In an unpublished story she authored with Franklin, writer Joan Bruce stated, "They linked up, occasionally verifying each other's work or grappling with a shared issue."

Cobb and Comfort's revision of the story makes an effort to portray Franklin as "an equal member of a quartet who solved the double helix," but it also illustrates what occurs when one person's popular account of the facts takes momentum while specifics from technical journals are left to stalemate.

In their best-selling 1968 book, The Double Helix, Cobb and Comfort claim that Watson twisted reality by portraying the day he first viewed Photograph 51 as a typical "eureka moment" that readers could relate to.

Cobb and Comfort believe that this narrative—that Watson could see at a glance what Franklin had missed for months—is frequently "unwittingly" supported by Franklin's supporters and distorts Franklin's accomplishments. It appears that Franklin, a knowledgeable scientist, was unable to comprehend his own data, in contrast to him, a rookie crystallographer, who understood it right away.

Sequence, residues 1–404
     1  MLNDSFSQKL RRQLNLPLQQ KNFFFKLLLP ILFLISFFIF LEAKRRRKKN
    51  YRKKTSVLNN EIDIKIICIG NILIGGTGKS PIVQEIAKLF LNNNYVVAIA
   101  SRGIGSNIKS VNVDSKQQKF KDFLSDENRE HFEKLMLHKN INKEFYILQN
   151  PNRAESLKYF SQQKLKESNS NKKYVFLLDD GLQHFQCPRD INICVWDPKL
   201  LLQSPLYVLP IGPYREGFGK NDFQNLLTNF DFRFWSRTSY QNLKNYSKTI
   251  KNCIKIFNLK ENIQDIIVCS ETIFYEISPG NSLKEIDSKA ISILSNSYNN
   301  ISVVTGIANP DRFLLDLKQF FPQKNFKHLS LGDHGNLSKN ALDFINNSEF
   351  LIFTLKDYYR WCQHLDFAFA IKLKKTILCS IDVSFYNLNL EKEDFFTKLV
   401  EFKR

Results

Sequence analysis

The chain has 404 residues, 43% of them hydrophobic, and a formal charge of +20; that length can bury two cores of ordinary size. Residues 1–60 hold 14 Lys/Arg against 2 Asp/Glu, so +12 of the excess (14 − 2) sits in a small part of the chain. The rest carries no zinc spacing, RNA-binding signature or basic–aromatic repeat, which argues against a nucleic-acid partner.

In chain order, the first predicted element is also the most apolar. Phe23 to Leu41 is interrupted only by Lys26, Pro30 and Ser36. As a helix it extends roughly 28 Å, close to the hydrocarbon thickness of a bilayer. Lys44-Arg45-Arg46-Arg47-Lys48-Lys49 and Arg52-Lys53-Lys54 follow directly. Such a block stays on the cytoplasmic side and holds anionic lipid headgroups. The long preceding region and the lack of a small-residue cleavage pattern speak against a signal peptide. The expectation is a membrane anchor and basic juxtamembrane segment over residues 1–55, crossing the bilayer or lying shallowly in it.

Cobb and Comfort claim that in a 1954 study, Watson and Crick made an attempt to "set the record straight" by admitting that "the formulation of our structure would have been most unlikely, if not impossible," in the absence of Franklin's evidence. It's impossible to tell if it reads as a quick admission of guilt or as praise for their peer's diligence; possibly both are true.

Cobb and Comfort contend that Franklin was "beaten to the answer" of DNA's fascinating double helix for a few reasons that reflect the prejudice she encountered as a woman in science, despite the fact that history shows Franklin as an equal contribution to our understanding of DNA.

Franklin worked "on her own without a peer with whom to exchange ideas" outside her graduate student. She was also left out of the casual conversations in which Watson and Crick participated.

Before developing any theories of how DNA fits together, Franklin insisted on gathering and thoroughly studying her X-ray diffraction data. Her and Gosling's 1953 work was only included in Nature with the other two after Franklin formally requested its publication.

Of course, it still holds that Wilkins, without Franklin's knowledge or consent, sent Watson the legendary Photograph 51, a very sharp photograph of DNA as it appears inside aqueous cells.

Cobb and Comfort argue that Franklin should be remembered as a bright scientist in her own right who condensed two lifetimes' worth of knowledge into a single work, rather than as someone who overlooked the importance of her X-ray crystallographic photos.

Cobb and Comfort write, "Getting Franklin's story right is crucial because she has become a role model for women entering science." She was up against more subtle kinds of sexism inherent in science, some of which are still present now, in addition to the overt ones of the time.

The commentary was published in Nature.